Although it is still controversial whether hyperglycemia is a cause or consequence of cardiac dysfunction (or perhaps both), the experimental evidence is overwhelming that hyperglycemia exacerbates myocardial damage by several mechanisms (Table 1). First, hyperglycemia results in inflammatory activation. It is interesting that pulse hyperglycemia appears to cause more inflammation than stable hyperglycemia.6 Because the antioxidant glutathione blocks this cytokine release, it is thought that the inflammatory activation from hyperglycemia is caused by an oxidative mechanism,6 although there is much evidence acute hyperglycemia itself (and the variability of glucose) results in an oxidative stress that results in both micro- and macrovascular damage,7 in addition to cell apoptosis.8 This complex interrelationship of oxidative stress, inflammatory activation, and hyperglycemia helps explain the toxicity of hyperglycemia during AMI. There is also strong evidence that hyperglycemia results in endothelial dysfunction,9 hypercoagulability,10 and platelet hyperactivity,11 all detrimental in the face of an AMI.
Perhaps one of the most discussed mechanisms concerning diabetes and cardiovascular disease is ischemic preconditioning.12 This refers to a phenomenon by which one or more brief episodes of myocardial ischemia increase the ability of the heart to tolerate a subsequent prolonged period of ischemic injury. Although ischemic preconditioning has been shown to occur in both animal models and humans, the protection has been characterized by various end points of cellular injury. It has been speculated that sulfonylureas, in particular the drug tolbutamide, may have blocked ischemic preconditioning in the University Group Diabetes Program,13 providing a potential explanation for the excess mortality in this historic clinical trial.14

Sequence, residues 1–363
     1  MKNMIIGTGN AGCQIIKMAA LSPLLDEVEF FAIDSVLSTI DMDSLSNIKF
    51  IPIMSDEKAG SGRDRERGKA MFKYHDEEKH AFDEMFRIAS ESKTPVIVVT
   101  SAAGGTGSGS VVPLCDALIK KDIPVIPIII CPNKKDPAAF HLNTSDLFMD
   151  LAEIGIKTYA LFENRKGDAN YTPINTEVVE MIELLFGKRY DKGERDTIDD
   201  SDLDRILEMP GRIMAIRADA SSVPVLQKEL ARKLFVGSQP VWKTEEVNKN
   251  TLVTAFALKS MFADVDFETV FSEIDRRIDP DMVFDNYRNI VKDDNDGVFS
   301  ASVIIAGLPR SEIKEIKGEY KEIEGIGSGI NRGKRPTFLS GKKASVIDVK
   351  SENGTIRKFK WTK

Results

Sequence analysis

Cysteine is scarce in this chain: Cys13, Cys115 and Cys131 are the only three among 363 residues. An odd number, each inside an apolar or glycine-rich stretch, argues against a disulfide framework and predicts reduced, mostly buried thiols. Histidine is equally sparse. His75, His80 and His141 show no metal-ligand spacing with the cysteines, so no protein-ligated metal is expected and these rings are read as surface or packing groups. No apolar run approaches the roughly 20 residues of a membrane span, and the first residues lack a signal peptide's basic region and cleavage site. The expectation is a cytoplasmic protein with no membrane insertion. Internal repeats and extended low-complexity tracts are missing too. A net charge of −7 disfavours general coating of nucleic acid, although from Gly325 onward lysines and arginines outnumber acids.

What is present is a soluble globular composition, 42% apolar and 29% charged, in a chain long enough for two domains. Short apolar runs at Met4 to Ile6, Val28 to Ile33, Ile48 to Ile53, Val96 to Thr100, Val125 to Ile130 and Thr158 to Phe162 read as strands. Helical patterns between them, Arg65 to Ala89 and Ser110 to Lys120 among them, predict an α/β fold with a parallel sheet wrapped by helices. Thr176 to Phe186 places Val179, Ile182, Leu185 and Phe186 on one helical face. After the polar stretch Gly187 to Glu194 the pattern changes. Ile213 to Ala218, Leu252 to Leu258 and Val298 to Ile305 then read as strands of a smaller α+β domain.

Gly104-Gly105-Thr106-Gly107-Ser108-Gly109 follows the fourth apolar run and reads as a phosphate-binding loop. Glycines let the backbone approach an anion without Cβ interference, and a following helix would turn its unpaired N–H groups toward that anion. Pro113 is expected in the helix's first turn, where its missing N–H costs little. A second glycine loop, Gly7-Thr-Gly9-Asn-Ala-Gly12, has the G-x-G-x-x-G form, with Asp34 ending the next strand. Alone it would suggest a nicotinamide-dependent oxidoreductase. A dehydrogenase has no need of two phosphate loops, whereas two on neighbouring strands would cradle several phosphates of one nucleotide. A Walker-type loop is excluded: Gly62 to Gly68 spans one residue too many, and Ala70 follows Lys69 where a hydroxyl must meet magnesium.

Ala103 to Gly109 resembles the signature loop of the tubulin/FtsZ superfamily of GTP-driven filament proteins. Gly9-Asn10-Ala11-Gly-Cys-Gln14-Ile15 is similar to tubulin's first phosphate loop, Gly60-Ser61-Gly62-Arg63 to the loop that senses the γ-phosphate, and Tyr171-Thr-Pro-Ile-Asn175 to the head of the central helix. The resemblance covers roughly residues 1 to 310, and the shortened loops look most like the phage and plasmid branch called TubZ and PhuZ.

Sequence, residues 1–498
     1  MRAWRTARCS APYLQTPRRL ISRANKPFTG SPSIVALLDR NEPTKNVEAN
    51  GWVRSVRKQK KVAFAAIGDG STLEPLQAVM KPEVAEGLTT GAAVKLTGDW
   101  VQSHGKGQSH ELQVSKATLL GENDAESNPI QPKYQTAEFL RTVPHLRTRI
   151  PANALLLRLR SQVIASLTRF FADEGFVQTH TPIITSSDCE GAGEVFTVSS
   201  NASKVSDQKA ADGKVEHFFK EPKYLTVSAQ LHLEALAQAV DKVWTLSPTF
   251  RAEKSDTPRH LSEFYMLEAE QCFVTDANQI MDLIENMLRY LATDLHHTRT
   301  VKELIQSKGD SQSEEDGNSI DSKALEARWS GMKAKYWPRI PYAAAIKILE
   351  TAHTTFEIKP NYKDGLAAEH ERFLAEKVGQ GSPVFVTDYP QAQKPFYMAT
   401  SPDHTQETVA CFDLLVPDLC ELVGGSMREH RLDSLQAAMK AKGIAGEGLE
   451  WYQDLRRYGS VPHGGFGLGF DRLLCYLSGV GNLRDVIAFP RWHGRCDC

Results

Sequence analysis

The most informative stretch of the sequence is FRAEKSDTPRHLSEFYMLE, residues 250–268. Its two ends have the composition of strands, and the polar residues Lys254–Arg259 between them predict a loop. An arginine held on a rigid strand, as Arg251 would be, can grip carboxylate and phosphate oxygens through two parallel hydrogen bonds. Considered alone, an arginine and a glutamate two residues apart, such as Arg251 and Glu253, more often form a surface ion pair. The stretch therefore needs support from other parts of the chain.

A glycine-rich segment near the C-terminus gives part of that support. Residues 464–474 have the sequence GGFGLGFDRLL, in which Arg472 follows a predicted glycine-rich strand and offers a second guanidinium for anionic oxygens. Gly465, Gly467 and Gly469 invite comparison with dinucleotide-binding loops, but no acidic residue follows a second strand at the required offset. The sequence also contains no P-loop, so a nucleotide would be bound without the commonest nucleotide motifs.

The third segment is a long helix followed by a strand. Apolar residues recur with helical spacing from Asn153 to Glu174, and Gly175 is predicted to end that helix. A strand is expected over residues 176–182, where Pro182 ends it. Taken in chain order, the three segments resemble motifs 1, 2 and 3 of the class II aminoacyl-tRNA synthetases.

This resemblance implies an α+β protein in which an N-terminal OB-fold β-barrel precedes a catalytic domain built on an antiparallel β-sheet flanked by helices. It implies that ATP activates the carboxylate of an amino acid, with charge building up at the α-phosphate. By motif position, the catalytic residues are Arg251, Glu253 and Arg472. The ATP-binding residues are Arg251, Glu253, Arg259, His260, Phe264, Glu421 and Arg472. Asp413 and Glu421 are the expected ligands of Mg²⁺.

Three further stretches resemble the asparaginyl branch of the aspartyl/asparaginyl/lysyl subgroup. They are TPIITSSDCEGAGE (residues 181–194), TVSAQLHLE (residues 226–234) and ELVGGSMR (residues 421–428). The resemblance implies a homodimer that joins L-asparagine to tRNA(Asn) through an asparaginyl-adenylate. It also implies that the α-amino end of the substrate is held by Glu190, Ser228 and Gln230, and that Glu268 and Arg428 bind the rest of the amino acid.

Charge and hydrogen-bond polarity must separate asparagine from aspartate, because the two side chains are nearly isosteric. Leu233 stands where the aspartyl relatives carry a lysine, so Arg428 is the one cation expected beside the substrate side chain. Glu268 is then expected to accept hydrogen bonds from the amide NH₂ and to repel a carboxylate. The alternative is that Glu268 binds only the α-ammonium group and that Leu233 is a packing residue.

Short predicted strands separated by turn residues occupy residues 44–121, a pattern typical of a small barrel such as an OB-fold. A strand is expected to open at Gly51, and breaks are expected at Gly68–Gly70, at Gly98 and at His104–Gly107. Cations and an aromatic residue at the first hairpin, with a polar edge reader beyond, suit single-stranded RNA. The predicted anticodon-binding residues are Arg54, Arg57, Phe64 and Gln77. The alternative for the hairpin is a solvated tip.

Although most of the mechanistic work has addressed the impact of hyperglycemia for cardiovascular disease and AMI, there has been a recent increase in understanding about the role of hypoglycemia for this population. Inflammatory activation clearly occurs from hypoglycemia,15 suggesting that the hypoglycemia documented in other studies with critically ill patients may at least be partly responsible for the negative results reported with the attempt for normoglycemia.16 Hypoglycemia also appears to reduce myocardial blood flow reserve,17 in addition to the well-known effects on QT prolongation and ventricular arrhythmias.18 Taken together, hypoglycemia during AMI may be more deleterious than previously appreciated.
With AMI, persistent hyperglycemia is associated with worse left ventricular function and higher mortality.19,20 The evidence for aggressive treatment of hyperglycemia during this AMI period is far from clear.21 All of the antihyperglycemia therapy for AMI is with insulin therapy. Fifty years ago Sodi-Pollares et al.22 raised the concept that a metabolic cocktail consisting of glucose-insulin-potassium (GIK) may protect ischemic cardiomyocytes. In the following years Opie23 further refined the rationale for use of this metabolic therapy when he suggested that GIK infusion resulted in a reduction in free fatty acid levels. Furthermore, intracellular potassium is depleted during acute ischemia, raising the possibility that replacing this deficiency with exogenous potassium could raise the threshold for fatal ventricular arrhythmias.